A DIY flooring project is at the center of an online discussion about the value of cheap flooring.
Fans of budget home improvement renovations often share their savings and the end products on social media groups and one of the most popular projects is the flooring.
Whether it’s wood laminate or glued-on tiles, they’re just as common in stores as B&M and Home Bargains, and the results can transform a space at a very low cost – almost always under $ 100 compared to alternative flooring that cost 10 times as much.
Since a post with a £ 70 renovation was shared on a Facebook group, it has been criticized by buyers who said the poor quality and inevitable renovation make it less of a bargain.
As many people defended the project, but it sparked an interesting discussion of what one buyer called the “false economy”.
The original poster said, “I just made my kitchen floor for less than £ 70 with Studio self-adhesive tiles. You have other designs to choose from. And at £ 5.99 for a box of 11, they’re well worth it. “
One of the first comments was, “Although they look really good in the photo, this is what is called a ‘fake economy’ as every penny you spent on this flooring is a waste of money.
“Because you have to replace it soon, and if you go cheap again, all that” money will be wasted too. Sorry, but that’s the facts. “
This person added to the criticism, who said: “… until in a few months when, after a period of expansion and contraction due to atmospheric conditions, they begin to loosen, dirt gets into the sticky gaps and you decide to to do this Go and do the job right! “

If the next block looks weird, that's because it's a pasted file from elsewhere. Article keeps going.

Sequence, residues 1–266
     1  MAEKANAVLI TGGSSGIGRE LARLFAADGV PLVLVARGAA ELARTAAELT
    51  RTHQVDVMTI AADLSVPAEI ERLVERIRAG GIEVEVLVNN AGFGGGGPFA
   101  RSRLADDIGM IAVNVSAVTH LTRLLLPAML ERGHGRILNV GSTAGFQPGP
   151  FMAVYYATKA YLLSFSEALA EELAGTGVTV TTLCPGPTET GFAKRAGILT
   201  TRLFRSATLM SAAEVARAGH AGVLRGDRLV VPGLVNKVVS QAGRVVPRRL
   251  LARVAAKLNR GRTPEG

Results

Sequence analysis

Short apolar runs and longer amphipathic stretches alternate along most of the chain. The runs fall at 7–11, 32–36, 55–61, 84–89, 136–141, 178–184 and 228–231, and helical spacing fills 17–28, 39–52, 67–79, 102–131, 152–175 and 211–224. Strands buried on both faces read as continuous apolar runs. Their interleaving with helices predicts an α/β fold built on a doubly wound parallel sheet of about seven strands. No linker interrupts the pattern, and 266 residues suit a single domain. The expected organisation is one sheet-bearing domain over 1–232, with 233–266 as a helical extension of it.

People quickly followed, saying the tiles look wonderful: “They look great, ignore the funny sponges”
The original writer then said, “Well, if that’s the case, so be it.
“Anyway, I always change floors so my husband is happy that it was really cheap, and if it lasts a few years or less, I’ll still have saved a fortune.”
So are budget tiles a worthwhile low-cost option, or should the money be better spent on more expensive floors?
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One buyer lulled himself in with a comment: “They are definitely a temporary fix. I’ve used them in my kitchen before and the paint scratches off pretty quickly and they’re a bit and a half removed after that.
“It took hours and days to remove them with a heat gun and scraper and it killed my back and knees.”
Another person agreed that their short lifespan was a disadvantage, but the low cost was hard to miss when you need a quick fix.
They said, “I used these adhesive tiles, looked great at first, but a year later they look damn terrible, lots of paint is peeling off, chipping off the tiles, etc. But I’ll still say I’ve done all of my bathroom tools Glue tiles etc for around £ 30! So it’s a great temporary solution. “
“Better an interim solution that looks very nice and that you can change as you wish, instead of expensive flooring that you don’t want, but that you hold onto, I think,” said one buyer.
They thought the bargain sticks on tile are a great choice if you have a changing taste and like a DIY project.
“I did the same with B&Q value tiles years ago, never had a problem and lasted for years, so that’s not always the case with cheap tile,” said one shopper, who admitted it might be worth it to sign up for Choosing slightly more expensive and more durable tiles said he had never had any problems.
Finally, one person said, “I’ve used adhesive tiles a few times with different results, but all of them have paid off, had some in a kitchen for about six years, would have been longer but got a new kitchen. Yours looks fantastic.”
The consensus is that gluing tiles can be a great solution to brightening up a room, and for some, the initially low cost is easier to manage than spending a lot on a more permanent flooring.
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